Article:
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A consumer’s view

The real effects of the Pension Protection Fund will only exacerbate the gathering crisis for scheme members.

The Government’s procrastination over pensions is becoming increasingly dangerous. It is making the situation worse, particularly when it comes to the supposed reassurance offered to members of final-salary occupational pension schemes by the Pension Protection Fund and it is creating even bigger problems for pension consultants.

Employees’ expectations of guarantees for the protection of their final-salary pension benefits are way beyond what the Government is providing.

The recent collapse of negotiations over the Turner & Newall pension fund with its 875m deficit has probably bankrupted the PPF before it has even got off the ground.

Dr Deborah Cooper, senior research actuary at Mercer Human Resources Consulting, has spelled out in terms that even ostrich-like Government ministers cannot ignore the crisis facing the PPF. The bald truth does not make for reassurance.

She highlights the fact that the PPF will work on the basis that when an occupational pension scheme winds up and becomes a claim on the PPF, its assets will be pooled to pay benefits to members of other schemes already claiming on the fund.

Since each scheme’s assets will be insufficient to meet its liabilities over the long term, unless the levy is increased or taxpayers are called upon to underwrite the fund, the PPF will depend on schemes continuing to go bust in order to raise cash. This is a nightmare scenario.

“The current target level of benefit security is unaffordable,” says Dr Cooper. “The Government needs to be more realistic about how much the PPF can provide and manage members expectations accordingly. It is important that pension scheme members understand the lack of guarantees inherent in the PPF. Safety nets are not much use if they cannot get off the ground.”

She went on to point out that to provide security for members of wound-up pension schemes, either employers will have to pay higher levies or taxpayers will need to foot the bill or the last few claimants on the PPF will get severely reduced benefits and eventually none at all.

Of course, the Government is hoping the problem can be deferred until another solution presents itself – or another Government is in office. But the structure of the PPF levy, which increases contributions from high-risk pension schemes – by definition those least able to pay – will ensure the situation gets worse.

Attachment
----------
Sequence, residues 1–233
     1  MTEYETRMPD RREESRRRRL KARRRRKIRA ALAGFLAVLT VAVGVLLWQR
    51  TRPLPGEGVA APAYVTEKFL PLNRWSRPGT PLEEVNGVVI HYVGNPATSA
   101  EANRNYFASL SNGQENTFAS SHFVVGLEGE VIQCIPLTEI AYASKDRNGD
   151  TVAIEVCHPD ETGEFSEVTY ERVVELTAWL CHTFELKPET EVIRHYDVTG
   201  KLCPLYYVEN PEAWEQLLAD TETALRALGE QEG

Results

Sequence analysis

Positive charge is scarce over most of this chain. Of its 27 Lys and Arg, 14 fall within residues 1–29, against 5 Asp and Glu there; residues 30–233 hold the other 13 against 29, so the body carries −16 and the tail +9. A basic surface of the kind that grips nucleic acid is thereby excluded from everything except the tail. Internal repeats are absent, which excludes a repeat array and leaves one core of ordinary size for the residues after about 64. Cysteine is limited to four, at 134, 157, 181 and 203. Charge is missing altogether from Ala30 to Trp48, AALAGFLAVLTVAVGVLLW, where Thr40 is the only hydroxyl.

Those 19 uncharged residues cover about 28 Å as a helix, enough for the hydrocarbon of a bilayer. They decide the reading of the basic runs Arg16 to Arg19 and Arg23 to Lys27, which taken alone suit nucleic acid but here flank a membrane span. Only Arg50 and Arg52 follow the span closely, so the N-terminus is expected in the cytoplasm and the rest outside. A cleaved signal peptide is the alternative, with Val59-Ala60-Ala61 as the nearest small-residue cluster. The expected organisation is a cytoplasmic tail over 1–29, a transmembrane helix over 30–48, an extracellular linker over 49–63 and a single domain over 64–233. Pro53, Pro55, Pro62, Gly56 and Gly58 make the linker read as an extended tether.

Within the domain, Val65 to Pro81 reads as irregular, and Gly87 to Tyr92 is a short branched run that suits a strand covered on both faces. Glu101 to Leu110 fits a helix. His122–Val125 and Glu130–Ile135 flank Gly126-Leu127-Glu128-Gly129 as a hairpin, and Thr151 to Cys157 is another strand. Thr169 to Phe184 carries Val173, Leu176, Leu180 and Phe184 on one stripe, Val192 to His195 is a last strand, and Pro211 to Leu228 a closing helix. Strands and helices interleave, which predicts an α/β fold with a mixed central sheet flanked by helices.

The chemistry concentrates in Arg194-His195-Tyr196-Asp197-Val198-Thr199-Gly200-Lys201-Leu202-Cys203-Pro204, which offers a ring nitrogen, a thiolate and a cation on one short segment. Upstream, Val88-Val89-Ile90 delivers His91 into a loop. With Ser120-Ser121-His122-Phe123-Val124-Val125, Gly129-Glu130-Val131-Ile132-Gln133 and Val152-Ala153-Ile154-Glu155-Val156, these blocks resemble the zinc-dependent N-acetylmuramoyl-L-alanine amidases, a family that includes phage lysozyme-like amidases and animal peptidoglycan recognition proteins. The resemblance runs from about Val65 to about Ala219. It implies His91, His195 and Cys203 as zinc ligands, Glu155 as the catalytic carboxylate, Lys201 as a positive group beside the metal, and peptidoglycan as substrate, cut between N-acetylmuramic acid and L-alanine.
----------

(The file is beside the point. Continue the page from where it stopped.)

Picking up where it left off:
IFAs advising members of occupational pension schemes cannot ignore this potentially disastrous situation and the threat to employees’ pension security. Many IFAs have already turned their backs on giving advice on whether or not to opt back into S2P (formerly Serps) for fear of being pursued for compensation for bad advice.

But the dangers that some employees face by remaining in their company scheme are far more significant and cannot be ignored. Those with most to lose are high-earners, likely to come up against the 1.5m lifetime limit, who will receive minimal compensation from the PPF, even if it is properly funded.

But any employee in a final-salary pension scheme which has a large percentage deficit is at risk, and the downward spiral of higher levies for higher risk funds guarantees to make the situation worse.

The problem for employees and their advisers is how to get out of an underfunded occupational pension scheme with a transfer value which properly represents the cost of funding accrued benefits in a new Sipp or personal pension.

The clever ones saw which way the wind was blowing and got out with more than their fair share of the pension pot some time ago.

As the PPF levy on occupational pension funds increases, the situation can only get worse and, with the April 2006 cut-off date for ringfencing accrued pension benefits only 18 months away, there is no time to lose. For some employees, particularly those with accrued benefits already in excess of the 1.5m lifetime limit, it might prove to be a case of a bird in the hand is worth two in the bush and accepting a lower transfer value than they might be strictly entitled to, rather than a drastically reduced pension later on or even no pension at all.

This is the problem that pension consultants will have to face up to as soon as possible. But since most work for the employer rather than the employee, any high-earning employee with large accrued pension benefits at stake, would be well advised to take independent advice.

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